Verse 1:  When I'm drivin' in my car and that man comes on the radio and he's tellin' me more and more about some useless information supposed to fire my imagination.  I can't get no, oh no no no.
Hey hey hey, that's what I say.

 

Verse 2:  When I'm watchin' my TV and that man comes on to tell me how white my shirts can be.  Well he can't be a man 'cause he doesn't smoke the same cigarettes as me. I can't get no, oh no no no.  Hey hey hey, that's what I say.

 

When the Rolling Stones sing about riding around the world, doing this, signing that, being turned down by some girl, not getting any satisfaction, I can almost hear the prophet and the psalmist saying to them (and to us), Hey, why do you spend your money for that which is not the bread of life, and your labor for that which does not satisfy?  Seek the Lord, call upon him, and your soul will be satisfied.  Disengage yourself from the seduction of the culture around you and drink from the well of salvation. 

 

In my reading this week, one author quoted a man from Ecuador named Pablo Fajardo. [7]  Pablo grew up poor, working in the Amazon basin for Chevron.  Eventually he became a lawyer committed to securing his people’s economic and environmental rights in the Chevron oil fields.  This is what he said.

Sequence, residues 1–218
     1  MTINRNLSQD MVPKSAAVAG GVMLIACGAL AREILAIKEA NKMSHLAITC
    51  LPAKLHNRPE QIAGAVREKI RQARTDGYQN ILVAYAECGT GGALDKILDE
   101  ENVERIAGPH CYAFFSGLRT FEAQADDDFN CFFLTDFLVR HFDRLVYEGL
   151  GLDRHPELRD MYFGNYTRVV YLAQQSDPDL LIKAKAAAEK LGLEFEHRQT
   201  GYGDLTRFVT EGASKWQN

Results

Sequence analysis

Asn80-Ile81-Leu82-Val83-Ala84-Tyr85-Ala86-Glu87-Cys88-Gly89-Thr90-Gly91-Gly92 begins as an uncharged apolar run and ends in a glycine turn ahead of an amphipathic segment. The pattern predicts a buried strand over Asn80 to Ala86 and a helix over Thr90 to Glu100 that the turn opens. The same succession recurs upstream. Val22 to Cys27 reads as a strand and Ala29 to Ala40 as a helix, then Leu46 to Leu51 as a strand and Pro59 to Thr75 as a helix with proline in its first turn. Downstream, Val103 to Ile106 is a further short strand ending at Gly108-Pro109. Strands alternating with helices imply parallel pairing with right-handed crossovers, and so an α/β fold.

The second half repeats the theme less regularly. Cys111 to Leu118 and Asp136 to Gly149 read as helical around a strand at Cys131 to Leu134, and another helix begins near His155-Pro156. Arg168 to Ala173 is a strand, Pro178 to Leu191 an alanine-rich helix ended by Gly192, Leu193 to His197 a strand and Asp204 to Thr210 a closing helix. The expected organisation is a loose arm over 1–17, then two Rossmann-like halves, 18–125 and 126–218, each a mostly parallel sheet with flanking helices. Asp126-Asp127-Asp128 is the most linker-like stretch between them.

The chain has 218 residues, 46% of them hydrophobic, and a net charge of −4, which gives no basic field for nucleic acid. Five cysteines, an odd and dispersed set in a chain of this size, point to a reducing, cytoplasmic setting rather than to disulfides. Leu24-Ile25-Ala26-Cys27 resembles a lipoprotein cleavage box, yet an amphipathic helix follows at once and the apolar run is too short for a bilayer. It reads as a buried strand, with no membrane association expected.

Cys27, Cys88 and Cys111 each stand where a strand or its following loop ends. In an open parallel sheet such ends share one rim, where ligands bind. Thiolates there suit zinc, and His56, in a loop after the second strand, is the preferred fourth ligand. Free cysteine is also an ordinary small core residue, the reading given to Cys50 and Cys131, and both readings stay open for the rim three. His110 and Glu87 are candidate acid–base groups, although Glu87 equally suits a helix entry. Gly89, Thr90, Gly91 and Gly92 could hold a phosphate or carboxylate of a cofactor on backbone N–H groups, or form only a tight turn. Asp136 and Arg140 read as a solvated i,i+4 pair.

One of the problems with modern society is that it places more importance on things that have a price than on things that have a value.  Breathing clean air, for instance, or having clean water in the rivers, or having legal rights—these are things that don’t have a price but have a huge value.  Oil does have a price, but its value is much less.  And sometimes we make a mistake.

 

I wonder if Pablo is related to the prophet Isaiah.

 

Confession and assurance are part of our services during Lent.  As we read the words of confession today, imagine that Jesus is standing here speaking the words of Isaiah.  If you are thirsty, come here; come, there’s water for all.  Whoever is poor and penniless can still come and buy the food I sell.  There’s no cost—here, have some food, hearty and delicious, and beverages, pure and good.  I don’t understand why you spend your money for things that don’t nourish or work so hard for what leaves you empty.  Attend to Me and eat what is good; enjoy the richest, most delectable of things.  Listen closely, and come even closer.  My words will give life, for I will make a covenant with you that cannot be broken, a promise of My enduring presence and support like I gave to David.[8]